Peripheral Artery Disease
Diagnosis & Tests
Your healthcare provider can often diagnose peripheral artery disease based on your symptoms and a physical examination. Because many patients have no symptoms, medical guidelines recommend screening for patients who have risk factors for peripheral artery disease.
Your healthcare provider may also want you to have one or more of the tests below.
The ankle-brachial index (ABI) uses a regular blood pressure cuff to compare the blood pressure at the ankle with the blood pressure in the arm. This test is sometimes done at rest and after walking on a treadmill.
Segmental Blood Pressure
Blood pressure can also be measured and compared at different places on the legs (calf, lower thigh, upper thigh) to determine the location and severity of peripheral artery disease.
An ultrasound is a test that uses sound waves to see the location and severity of the narrowing in the blood vessels. Computed tomography (CT) and magnetic resonance angiography (MRA) are other ways of looking at blood vessels. These tests expose patients to generally harmless levels of radiation (CT scan) and require an injection of contrast dye in order to see the blood vessels.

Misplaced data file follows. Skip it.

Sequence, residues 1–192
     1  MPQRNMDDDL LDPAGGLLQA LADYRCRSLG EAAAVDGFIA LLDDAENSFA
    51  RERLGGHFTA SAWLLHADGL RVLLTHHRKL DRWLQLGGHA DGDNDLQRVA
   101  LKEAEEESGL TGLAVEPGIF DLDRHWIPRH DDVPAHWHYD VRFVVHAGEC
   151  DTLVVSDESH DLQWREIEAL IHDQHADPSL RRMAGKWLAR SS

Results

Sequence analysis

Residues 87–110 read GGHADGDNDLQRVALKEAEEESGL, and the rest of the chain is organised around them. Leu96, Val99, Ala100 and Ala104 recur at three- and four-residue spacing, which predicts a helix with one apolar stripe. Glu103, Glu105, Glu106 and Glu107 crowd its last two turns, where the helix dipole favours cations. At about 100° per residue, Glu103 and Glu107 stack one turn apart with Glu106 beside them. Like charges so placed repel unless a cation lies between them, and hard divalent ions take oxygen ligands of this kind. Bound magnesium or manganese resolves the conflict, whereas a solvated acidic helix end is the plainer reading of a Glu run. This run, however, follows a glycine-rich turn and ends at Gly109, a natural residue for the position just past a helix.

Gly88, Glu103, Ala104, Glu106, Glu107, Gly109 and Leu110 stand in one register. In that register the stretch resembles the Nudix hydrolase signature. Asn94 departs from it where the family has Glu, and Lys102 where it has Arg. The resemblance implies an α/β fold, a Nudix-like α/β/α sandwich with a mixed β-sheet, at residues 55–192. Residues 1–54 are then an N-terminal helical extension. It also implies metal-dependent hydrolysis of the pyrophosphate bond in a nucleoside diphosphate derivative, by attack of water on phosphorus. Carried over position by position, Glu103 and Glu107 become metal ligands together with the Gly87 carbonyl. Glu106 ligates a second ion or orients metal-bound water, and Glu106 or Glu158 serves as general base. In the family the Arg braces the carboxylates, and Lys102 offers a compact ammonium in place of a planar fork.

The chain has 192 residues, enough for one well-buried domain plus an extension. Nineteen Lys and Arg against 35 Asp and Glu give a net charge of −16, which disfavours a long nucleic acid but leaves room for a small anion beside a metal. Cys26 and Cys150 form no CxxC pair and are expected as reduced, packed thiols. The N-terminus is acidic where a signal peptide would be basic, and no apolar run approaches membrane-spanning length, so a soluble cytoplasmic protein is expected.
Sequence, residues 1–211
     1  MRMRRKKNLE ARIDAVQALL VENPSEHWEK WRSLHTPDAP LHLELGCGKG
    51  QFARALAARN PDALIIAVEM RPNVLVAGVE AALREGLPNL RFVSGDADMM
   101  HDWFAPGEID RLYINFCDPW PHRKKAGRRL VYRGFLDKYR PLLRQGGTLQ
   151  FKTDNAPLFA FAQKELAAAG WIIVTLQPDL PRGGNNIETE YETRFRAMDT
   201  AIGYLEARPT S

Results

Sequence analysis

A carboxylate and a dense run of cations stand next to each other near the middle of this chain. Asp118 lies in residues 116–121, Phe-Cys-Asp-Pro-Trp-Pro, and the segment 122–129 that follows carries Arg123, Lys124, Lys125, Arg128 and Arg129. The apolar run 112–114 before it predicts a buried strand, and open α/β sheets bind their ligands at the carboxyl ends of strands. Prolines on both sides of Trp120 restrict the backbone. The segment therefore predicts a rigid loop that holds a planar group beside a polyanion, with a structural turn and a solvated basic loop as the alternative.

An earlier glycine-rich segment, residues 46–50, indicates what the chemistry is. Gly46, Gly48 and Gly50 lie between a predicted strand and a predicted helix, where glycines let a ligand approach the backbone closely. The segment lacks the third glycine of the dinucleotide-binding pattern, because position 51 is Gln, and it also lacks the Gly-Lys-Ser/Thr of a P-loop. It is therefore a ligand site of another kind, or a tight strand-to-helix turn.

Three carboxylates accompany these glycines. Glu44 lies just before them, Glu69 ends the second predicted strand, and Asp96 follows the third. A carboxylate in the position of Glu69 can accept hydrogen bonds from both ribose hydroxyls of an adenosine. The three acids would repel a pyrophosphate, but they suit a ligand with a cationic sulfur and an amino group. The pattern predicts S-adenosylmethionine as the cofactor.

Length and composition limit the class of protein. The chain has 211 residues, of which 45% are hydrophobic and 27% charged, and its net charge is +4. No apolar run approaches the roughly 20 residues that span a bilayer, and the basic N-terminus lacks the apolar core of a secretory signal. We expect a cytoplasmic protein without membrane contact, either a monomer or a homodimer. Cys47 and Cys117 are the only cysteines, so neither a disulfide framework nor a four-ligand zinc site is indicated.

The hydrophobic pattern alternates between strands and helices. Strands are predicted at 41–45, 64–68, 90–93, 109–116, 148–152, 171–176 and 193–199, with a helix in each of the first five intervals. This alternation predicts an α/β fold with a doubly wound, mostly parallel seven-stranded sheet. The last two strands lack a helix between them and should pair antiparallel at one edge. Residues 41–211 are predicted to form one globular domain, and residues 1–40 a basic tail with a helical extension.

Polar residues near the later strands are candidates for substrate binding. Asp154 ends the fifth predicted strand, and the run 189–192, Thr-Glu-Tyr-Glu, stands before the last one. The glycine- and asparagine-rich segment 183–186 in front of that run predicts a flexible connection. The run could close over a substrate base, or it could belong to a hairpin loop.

Some patients may need a more advanced test, called arteriography, especially if symptoms suddenly worsen, or if your doctor thinks surgery might be needed to treat your disease. During arteriography, a catheter is placed in the artery (usually in the groin). Dye flows through the catheter into the arteries and pictures of the arteries are taken using X-rays.
Updated: November 2016